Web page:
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Common sources of charitable trust litigation

As this blog has reminded its Minnesota readers many times, trust litigation does not necessarily have to be between family members. Oftentimes, residents of Saint Paul may want to set up a charitable trust that will benefit a person's favorite house of worship, cultural site or nonprofit organization. As with other trusts, sometimes things can go awry and end up in litigation or a sticky legal situation.

For example, a trustee of a charitable trust has an obligation to invest the funds in the trust so that it enjoys reasonable economic growth. If a trustee does not spread out the trust's investment portfolio, then he or she could run in to legal hot water. Generally speaking, a trustee must do with the trust funds what a prudent investor would do, and this ordinarily means having a broad range of investments.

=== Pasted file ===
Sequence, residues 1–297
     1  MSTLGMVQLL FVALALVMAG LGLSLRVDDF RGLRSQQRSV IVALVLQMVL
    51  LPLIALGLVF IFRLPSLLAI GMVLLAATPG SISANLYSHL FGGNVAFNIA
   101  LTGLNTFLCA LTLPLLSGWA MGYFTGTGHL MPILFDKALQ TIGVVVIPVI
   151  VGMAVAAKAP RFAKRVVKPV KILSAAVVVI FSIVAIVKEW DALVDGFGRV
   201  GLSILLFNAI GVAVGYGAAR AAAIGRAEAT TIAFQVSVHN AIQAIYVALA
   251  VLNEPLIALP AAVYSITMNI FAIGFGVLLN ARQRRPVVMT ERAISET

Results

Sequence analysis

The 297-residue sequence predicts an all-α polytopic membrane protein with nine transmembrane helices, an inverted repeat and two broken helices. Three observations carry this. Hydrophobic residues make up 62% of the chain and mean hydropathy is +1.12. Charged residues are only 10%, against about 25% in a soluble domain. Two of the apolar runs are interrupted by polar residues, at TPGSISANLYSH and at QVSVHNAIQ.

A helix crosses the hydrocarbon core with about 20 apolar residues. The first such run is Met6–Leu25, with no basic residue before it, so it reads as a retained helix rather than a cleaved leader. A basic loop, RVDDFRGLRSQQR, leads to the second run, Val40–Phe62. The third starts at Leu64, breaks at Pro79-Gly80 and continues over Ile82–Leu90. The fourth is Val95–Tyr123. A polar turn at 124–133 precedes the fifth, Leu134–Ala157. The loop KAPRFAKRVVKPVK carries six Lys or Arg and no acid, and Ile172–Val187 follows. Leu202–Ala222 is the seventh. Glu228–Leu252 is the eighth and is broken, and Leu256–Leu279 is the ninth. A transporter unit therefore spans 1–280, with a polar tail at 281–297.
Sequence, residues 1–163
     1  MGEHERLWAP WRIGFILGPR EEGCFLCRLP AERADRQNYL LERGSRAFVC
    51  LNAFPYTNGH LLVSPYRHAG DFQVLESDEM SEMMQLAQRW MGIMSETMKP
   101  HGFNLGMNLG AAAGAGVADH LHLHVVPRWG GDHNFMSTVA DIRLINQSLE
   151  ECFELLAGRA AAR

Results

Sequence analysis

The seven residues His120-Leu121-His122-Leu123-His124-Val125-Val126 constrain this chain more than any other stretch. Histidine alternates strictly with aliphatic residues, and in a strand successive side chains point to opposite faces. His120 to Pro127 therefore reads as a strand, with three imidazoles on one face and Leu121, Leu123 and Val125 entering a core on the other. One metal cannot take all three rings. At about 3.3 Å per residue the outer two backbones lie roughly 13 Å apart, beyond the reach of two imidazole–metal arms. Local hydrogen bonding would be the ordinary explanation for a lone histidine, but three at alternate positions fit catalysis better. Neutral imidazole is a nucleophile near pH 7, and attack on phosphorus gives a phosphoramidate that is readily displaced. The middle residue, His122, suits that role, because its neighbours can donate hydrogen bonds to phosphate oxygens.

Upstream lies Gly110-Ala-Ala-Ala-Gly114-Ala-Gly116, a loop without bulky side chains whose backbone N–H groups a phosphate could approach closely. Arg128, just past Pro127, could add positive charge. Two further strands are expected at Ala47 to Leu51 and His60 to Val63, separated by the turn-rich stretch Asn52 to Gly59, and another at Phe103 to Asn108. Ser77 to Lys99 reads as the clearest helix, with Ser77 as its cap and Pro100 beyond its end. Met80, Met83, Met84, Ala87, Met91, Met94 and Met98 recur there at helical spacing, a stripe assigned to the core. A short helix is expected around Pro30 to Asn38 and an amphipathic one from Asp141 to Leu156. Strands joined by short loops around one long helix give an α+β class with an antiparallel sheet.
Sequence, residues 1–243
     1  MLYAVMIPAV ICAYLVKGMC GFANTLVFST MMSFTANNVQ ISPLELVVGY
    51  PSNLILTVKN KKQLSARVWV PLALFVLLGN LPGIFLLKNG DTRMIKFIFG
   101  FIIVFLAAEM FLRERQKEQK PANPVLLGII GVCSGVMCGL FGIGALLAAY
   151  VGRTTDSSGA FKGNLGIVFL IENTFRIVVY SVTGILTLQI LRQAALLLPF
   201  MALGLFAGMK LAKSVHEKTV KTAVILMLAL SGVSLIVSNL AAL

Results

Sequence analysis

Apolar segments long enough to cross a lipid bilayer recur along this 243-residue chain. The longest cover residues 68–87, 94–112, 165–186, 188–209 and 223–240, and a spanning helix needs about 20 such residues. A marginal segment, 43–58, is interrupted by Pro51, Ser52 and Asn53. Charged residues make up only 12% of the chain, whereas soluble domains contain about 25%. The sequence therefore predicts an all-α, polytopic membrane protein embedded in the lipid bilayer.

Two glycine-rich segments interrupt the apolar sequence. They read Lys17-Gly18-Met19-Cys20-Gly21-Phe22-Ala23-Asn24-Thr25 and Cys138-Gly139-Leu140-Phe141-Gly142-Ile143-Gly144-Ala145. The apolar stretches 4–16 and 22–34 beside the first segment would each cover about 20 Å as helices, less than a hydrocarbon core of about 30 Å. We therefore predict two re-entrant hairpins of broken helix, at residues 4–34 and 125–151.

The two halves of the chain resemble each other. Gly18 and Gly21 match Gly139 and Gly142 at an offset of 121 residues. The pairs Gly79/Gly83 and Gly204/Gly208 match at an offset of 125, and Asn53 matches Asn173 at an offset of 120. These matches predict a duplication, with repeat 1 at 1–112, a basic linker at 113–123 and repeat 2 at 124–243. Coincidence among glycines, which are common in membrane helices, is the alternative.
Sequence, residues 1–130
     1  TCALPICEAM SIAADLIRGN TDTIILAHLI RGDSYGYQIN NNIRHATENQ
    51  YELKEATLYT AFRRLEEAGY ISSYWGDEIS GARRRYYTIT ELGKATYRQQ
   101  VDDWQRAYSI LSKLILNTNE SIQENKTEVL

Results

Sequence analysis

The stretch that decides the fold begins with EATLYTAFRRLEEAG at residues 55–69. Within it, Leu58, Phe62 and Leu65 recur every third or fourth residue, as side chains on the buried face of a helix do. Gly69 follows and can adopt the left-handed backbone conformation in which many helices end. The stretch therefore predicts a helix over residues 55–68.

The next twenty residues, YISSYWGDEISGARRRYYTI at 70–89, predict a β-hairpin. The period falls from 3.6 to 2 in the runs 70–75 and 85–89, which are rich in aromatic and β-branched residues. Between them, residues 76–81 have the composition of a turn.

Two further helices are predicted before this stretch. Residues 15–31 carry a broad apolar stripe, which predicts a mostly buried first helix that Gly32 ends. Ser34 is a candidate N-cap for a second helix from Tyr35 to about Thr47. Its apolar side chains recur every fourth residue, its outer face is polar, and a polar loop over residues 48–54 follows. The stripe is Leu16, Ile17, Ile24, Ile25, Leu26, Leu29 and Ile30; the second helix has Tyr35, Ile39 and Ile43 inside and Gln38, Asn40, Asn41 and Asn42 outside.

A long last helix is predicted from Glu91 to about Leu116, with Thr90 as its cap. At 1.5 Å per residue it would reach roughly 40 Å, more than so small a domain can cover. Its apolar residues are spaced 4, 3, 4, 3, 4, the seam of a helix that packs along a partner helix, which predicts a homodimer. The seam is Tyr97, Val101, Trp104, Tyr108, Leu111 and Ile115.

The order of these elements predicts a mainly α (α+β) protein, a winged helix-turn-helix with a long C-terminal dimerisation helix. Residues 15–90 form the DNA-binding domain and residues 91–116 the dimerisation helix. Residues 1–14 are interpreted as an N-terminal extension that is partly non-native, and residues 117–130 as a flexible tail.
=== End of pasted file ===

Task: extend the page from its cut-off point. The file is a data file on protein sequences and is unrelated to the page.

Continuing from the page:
On a related point, litigation can also arise when a charitable trust does not have a built in investment plan for how a trustee is supposed to invest trust assets or what the ultimate investment goal of the trust ultimately is. When there is no concrete goal, trust administration is difficult, because interested parties are free to disagree as to whether a trustee has been prudent in his or her investments.

Finally, litigation can be the end result if a trustee does not distribute the funds in the trust exactly in accordance with what the trust document specifies. Not doing so can mean not only that a charity or other heirs feels shortchanged but also that the Internal Revenue Service may revoke a charitable trust's tax-protected status.

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Mason & Helmers
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